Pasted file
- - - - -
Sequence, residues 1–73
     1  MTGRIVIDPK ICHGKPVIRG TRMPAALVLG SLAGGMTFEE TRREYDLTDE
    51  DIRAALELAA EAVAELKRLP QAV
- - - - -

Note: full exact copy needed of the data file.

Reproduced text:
Sequence, residues 1–73
     1  MTGRIVIDPK ICHGKPVIRG TRMPAALVLG SLAGGMTFEE TRREYDLTDE
    51  DIRAALELAA EAVAELKRLP QAV